You introduce aspects of mythology so early in the film, but it is not immediately clear if these things are really happening or if the results of these men's overactive imaginations are as cooped up.
Glad to say that it seems like it could be either of those things, because it was certainly my brother and my intention to keep it ambiguous. We have a few really over-the-top, in-your-face signposts to grab onto; Bad luck to kill a sea bird that has been photographed in a more over-the-top way to get the point across. But then there are other lines of dialogue that are important that you might miss, and are also deliberately photographed and blocked in a way that hopes the audience is like, “Wait! Oh! ”And to throw them off kilter. I hope it works. It does need to be ambiguous.
At a Q&A last night, someone asked me, "What does Rob see at the end of the movie?" I said, "Well, if I photographed that, you would have the same fate befall you and I can't do that. But also, for Rob, he said, "I don't want to make a movie about a magical lighthouse, I want to make a movie about someone who's fucking crazy." That's what he brought into his performance.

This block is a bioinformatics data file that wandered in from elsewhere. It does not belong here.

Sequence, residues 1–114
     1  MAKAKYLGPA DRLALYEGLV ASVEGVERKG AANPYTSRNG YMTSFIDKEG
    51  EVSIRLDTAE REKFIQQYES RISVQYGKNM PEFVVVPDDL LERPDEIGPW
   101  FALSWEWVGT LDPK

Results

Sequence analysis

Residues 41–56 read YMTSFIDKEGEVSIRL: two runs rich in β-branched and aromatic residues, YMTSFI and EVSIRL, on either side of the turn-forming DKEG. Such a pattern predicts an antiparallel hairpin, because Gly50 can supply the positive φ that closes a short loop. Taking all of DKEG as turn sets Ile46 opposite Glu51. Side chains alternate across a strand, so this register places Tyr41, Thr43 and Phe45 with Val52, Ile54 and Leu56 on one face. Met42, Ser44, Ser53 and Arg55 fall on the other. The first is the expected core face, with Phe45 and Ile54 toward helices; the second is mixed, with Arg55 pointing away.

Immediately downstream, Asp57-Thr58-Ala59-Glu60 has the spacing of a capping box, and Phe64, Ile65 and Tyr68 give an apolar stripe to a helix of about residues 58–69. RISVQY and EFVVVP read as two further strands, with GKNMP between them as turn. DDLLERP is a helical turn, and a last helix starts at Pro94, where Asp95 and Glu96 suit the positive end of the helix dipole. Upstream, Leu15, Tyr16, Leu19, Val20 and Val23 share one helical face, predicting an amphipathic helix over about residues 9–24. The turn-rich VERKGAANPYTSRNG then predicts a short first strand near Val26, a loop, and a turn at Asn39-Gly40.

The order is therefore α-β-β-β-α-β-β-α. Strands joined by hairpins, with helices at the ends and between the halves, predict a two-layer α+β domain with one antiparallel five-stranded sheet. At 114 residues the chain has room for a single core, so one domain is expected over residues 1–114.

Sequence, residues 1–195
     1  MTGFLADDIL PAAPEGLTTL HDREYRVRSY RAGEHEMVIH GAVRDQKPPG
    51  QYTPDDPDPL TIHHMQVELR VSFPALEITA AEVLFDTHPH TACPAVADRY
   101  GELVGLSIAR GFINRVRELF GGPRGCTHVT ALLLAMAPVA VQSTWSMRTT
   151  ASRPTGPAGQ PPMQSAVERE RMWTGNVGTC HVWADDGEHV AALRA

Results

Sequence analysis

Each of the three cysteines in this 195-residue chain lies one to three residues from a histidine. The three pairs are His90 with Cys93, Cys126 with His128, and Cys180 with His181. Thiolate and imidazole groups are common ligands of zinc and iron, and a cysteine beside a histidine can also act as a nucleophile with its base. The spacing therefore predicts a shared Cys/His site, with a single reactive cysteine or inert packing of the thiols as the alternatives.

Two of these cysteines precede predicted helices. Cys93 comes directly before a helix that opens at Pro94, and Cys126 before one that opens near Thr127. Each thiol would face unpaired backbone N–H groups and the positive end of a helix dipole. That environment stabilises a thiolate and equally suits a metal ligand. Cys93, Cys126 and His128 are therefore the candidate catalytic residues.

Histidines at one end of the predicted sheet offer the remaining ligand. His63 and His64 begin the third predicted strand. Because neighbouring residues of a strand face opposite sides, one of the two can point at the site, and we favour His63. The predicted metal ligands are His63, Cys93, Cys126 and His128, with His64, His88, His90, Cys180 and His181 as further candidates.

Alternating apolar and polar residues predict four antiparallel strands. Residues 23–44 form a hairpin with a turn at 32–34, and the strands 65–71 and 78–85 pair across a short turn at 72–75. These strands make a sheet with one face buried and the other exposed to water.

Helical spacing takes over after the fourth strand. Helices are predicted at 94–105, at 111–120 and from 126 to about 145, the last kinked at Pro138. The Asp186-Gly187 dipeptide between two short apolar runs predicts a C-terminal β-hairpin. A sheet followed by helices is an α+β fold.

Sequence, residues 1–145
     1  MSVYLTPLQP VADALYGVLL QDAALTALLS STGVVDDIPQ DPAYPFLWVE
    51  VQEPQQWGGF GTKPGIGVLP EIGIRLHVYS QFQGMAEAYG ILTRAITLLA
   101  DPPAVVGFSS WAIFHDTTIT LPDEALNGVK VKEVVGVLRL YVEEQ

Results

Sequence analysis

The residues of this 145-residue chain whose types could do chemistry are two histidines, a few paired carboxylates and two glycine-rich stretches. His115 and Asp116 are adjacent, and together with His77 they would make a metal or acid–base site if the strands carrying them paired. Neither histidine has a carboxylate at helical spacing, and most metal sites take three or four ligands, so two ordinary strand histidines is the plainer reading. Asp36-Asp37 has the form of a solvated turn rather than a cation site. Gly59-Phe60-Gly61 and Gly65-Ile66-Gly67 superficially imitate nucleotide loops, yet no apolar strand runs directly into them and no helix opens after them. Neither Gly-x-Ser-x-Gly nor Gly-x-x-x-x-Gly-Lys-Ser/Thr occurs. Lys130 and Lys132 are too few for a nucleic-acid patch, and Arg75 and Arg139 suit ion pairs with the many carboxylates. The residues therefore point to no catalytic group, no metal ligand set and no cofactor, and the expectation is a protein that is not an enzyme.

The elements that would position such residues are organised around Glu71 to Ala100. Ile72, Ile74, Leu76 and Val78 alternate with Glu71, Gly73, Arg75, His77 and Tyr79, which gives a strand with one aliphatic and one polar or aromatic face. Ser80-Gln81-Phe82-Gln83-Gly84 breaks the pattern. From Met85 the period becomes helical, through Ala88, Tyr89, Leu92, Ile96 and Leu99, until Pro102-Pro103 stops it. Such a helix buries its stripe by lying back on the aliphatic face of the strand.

So how did you go about shooting that end scene? Assuming you also tell him exactly what's in the lamp.
Rob, interestingly, can take silent film directing. You can be like,[[affects voice]“A happy, pleasant day. The birds are chirping. ”You can do that, and he'll really respond to it very well. So yeah, I was kind of narrating what I wanted to see out of his experience. Some of that was visual, some of that was emotional. But it's exactly like, you know, "a giant kitten in there!"